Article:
Have We Lost Our Way?

I have not written for some time and usually only do so at times when Israel is embroiled in an external conflict. But it is not about any external conflict that I write now. I do not intend to write about the situation on the Gaza Border or the escalating situation up north. Israel is very capable of dealing with these external conflicts and I am in no way concerned for the security of Israel from any external source.

What is concerning me now is an internal conflict, which some say is for the very soul of Israel.

I would not go that far. Israel’s soul is intact. It is its heart and body that are under attack.
There is an illness that is eating away at the very foundations of the State itself and an underpinning operation is so very vital.

Last Thursday, July 19, a piece of legislation titled the Nation-State Law came into being. It passed through the Knesset by 62 votes to 55.

I have read the Law word by word and it is not so much what it says that worries me, but rather what it doesn’t say.

At no point is there any reference to the underlying principle of the Declaration of Independence, the principle of equality for all Israel’s citizens. It is this very principle that is the strength of the foundation of the State. According to the Declaration, Israel will, and I quote “…foster the development of the country for the benefit of all its inhabitants; it will be based on freedom, justice and peace as envisaged by the prophets of Israel; it will ensure complete equality of social and political rights to all its inhabitants irrespective of religion, race or sex; it will guarantee freedom of religion, conscience, language, education and culture;…”

Without reference to this basic tenet the State flounders and its walls become shaky. Instead of being able to say to ourselves, without doubt and without hesitation, that all Israel’s citizens are equal in the eyes of the law, we need to now rethink our response.

I hasten to add that I am not worried about what the world thinks about us as a result of this Law. My concern is what we think about ourselves.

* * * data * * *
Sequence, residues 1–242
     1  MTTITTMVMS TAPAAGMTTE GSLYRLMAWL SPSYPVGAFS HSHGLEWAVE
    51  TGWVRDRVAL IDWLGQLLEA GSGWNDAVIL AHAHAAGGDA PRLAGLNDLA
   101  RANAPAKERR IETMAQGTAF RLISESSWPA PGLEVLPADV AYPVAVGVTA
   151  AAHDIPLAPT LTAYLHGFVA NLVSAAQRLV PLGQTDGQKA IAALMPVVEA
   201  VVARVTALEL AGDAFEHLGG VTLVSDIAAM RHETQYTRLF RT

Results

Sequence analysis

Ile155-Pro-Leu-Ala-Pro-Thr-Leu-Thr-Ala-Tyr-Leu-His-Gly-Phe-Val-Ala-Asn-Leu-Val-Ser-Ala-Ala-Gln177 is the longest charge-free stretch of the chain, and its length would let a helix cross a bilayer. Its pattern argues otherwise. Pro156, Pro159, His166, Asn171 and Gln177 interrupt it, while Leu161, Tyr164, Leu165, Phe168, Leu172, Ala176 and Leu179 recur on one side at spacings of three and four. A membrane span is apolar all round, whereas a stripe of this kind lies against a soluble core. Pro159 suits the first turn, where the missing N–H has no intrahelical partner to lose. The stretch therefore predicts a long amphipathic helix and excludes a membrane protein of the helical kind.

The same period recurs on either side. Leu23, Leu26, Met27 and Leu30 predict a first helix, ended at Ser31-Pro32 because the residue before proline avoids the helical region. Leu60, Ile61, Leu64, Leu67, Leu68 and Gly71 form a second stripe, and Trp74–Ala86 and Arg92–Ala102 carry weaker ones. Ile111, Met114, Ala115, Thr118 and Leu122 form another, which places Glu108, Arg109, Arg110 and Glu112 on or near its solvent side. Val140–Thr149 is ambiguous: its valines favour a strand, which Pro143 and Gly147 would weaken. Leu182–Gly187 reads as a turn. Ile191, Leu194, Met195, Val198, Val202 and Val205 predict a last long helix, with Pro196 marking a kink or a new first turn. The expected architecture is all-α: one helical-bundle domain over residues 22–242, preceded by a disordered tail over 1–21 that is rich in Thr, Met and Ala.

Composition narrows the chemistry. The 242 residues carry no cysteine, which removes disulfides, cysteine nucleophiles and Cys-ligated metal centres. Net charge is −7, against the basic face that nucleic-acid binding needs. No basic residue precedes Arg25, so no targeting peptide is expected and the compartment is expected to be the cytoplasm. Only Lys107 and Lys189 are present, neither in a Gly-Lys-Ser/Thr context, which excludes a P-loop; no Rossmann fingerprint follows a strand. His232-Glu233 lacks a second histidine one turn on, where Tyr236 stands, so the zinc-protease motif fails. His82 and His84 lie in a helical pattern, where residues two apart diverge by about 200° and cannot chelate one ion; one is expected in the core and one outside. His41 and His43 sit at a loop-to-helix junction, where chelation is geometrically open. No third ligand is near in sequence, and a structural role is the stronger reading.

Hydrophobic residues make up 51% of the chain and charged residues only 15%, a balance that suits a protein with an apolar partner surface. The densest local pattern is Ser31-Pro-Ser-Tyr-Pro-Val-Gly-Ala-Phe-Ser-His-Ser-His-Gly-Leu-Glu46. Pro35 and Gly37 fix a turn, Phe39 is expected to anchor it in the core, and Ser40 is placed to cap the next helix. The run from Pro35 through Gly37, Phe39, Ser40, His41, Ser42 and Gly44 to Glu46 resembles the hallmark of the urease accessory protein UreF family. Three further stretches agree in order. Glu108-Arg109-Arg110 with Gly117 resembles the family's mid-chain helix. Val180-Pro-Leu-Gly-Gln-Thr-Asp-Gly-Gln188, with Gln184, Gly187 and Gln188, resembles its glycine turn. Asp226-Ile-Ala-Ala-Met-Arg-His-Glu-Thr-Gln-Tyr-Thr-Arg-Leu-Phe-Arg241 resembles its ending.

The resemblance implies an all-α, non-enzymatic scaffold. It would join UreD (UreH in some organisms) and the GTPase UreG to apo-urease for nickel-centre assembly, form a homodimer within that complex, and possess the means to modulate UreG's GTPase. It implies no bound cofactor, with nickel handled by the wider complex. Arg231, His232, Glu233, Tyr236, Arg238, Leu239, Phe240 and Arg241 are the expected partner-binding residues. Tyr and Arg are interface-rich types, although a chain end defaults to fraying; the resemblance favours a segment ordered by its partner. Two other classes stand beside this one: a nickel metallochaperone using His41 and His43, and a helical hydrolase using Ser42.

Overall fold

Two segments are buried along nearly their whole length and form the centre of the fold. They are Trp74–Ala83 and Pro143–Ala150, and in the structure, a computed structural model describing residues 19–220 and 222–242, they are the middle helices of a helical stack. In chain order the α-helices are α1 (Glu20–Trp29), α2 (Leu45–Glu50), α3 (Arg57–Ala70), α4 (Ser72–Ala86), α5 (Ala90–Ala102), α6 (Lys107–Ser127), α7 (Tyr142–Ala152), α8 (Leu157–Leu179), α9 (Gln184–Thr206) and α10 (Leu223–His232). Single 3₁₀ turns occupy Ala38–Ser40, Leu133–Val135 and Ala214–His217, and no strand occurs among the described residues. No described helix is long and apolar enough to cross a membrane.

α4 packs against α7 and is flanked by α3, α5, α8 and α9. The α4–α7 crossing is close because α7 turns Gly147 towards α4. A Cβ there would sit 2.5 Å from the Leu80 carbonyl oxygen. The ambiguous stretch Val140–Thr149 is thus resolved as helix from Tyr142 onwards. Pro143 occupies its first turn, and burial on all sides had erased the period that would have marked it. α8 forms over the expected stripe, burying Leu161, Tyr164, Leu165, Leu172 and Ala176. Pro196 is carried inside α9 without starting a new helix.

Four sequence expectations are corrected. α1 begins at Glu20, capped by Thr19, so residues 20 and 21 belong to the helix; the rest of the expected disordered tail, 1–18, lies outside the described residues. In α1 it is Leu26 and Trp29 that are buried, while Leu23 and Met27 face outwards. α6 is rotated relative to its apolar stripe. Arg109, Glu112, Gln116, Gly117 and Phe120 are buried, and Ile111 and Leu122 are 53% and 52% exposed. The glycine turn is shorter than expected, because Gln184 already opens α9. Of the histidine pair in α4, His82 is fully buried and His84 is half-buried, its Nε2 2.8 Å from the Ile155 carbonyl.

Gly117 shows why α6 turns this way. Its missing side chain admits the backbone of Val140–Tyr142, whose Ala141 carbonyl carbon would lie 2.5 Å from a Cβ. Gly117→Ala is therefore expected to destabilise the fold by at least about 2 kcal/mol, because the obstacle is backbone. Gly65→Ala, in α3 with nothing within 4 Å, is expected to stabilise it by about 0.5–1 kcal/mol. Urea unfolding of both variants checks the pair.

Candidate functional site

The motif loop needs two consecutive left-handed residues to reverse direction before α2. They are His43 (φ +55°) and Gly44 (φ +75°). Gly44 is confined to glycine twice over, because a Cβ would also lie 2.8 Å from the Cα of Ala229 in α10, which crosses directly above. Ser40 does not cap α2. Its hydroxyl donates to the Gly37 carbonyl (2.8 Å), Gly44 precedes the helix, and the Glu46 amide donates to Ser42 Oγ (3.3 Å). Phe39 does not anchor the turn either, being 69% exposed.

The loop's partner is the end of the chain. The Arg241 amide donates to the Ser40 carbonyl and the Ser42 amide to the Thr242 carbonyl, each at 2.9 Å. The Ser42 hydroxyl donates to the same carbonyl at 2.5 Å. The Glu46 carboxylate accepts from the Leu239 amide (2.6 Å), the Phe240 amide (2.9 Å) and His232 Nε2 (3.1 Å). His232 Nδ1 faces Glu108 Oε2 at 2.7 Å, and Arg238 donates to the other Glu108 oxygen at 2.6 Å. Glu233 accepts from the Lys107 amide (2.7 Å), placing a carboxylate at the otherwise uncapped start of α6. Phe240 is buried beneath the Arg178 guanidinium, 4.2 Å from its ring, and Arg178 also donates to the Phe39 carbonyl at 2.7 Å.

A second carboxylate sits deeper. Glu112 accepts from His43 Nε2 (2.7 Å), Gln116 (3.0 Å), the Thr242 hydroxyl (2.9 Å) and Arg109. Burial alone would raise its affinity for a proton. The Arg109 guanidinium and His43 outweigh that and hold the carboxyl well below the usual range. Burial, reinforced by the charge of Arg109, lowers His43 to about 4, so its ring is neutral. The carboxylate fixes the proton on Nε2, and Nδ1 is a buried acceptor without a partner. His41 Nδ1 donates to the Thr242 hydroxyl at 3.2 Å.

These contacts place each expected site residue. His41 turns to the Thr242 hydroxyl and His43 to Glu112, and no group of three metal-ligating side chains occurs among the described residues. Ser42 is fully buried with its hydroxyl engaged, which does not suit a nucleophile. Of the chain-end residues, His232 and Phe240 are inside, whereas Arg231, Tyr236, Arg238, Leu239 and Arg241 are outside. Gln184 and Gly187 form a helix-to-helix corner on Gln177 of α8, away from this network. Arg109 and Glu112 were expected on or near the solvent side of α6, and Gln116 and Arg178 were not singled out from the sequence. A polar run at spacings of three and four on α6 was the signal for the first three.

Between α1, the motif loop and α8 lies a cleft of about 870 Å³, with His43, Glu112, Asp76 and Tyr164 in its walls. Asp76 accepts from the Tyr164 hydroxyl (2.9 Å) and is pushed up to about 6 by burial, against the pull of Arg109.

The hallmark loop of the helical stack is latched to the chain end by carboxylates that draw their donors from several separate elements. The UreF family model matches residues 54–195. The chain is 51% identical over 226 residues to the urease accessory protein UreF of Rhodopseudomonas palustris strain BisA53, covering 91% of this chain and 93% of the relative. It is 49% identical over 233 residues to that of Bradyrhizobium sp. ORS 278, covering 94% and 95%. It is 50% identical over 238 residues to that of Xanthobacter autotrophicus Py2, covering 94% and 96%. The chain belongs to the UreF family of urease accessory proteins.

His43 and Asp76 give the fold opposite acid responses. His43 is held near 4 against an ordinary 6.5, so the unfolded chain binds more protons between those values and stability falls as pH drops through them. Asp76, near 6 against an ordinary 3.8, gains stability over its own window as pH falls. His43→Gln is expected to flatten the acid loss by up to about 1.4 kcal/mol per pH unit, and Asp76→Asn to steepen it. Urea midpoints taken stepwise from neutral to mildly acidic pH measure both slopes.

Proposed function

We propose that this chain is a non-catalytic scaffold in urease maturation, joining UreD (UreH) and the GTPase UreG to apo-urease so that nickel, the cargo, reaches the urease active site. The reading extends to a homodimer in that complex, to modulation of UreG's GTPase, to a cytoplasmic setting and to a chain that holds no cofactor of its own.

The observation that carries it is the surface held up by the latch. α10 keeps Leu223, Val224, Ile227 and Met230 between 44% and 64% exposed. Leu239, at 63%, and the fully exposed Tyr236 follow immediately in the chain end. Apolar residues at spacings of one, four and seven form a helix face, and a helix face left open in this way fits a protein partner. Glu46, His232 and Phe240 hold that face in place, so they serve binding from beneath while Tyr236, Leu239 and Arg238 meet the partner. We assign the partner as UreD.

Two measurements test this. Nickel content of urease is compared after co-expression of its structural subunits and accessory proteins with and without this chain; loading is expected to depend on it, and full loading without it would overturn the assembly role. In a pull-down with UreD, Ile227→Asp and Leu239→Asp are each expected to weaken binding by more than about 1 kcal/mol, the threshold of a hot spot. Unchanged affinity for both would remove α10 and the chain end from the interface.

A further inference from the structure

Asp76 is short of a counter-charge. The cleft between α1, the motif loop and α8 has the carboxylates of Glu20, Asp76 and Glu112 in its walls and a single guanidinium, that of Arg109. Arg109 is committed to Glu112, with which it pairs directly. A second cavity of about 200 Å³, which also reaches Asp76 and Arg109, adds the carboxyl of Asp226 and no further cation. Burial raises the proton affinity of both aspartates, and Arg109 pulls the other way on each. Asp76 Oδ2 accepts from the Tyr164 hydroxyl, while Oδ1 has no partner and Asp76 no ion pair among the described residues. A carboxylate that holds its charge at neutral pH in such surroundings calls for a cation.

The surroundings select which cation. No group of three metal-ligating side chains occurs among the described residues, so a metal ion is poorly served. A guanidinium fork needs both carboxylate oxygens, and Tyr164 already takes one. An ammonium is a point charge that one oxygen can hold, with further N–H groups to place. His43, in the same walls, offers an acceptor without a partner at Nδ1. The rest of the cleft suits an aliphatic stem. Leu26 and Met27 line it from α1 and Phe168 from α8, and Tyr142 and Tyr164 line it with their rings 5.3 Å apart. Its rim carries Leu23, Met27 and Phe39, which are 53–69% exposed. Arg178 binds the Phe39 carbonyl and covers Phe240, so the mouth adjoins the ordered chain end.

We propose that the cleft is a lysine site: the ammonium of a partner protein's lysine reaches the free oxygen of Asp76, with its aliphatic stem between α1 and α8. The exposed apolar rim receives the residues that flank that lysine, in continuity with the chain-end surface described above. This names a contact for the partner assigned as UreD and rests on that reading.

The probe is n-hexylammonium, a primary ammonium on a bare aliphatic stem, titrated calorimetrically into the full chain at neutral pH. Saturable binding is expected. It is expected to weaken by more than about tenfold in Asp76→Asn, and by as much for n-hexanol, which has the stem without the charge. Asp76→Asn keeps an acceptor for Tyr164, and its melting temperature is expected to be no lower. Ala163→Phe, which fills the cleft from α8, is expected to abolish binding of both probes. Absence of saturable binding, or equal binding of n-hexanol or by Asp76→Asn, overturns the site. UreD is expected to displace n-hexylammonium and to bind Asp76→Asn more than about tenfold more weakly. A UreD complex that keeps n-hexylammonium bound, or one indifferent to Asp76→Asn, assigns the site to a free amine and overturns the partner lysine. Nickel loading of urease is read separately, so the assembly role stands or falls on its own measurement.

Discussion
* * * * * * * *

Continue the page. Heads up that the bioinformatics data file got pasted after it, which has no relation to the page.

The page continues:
The Nation – State Law gives power to our status as a Jewish State. This is all very well, but there is no reference to the democratic rules that need to apply alongside it.

Since the foundation of the State, Israel has, without such a law, enshrined in its daily life the very essence of Jewishness. And this Jewishness was, by its very existence, enveloped by democratic doctrine and credo.

As of July 19, the Jewishness of the State has been relegated, in my opinion, to a fact only because it is law and nothing more.

What happens to the personal desires of each individual to lead a Jewish life based on personal belief and action? Who will define, in law, what Jewish life is to be? What happens when a person’s Judaism is not the Judaism of the State?

We have already had a situation of a Masorti Rabbi being arrested, on the morning of the Nation-State Law coming into being, for performing a wedding outside the remit of the Orthodox rabbinic authorities.

Coincidence or design?

Only time will tell.

But whatever it is, it reflects the controlling influence of the coercive and doctrinal orthodox rabbinate over the government of the country.

This is not what Israel is about.

Reflect again on the Declaration of the State of Israel. It does not say any one type of Jew over another.

Per se, I am not against a Nation-State Law. Many countries have one.

What I want is such a Law that has regard to the equality of all the citizens of Israel and provides for self-determination without categorizing which group of citizens is entitled to that self-determination. Self-determination is a matter for all citizens who contribute to the growth of the State. The latter is a prerequisite, but to determine in advance who is included and excluded gives credence to those who choose to withdraw from the process.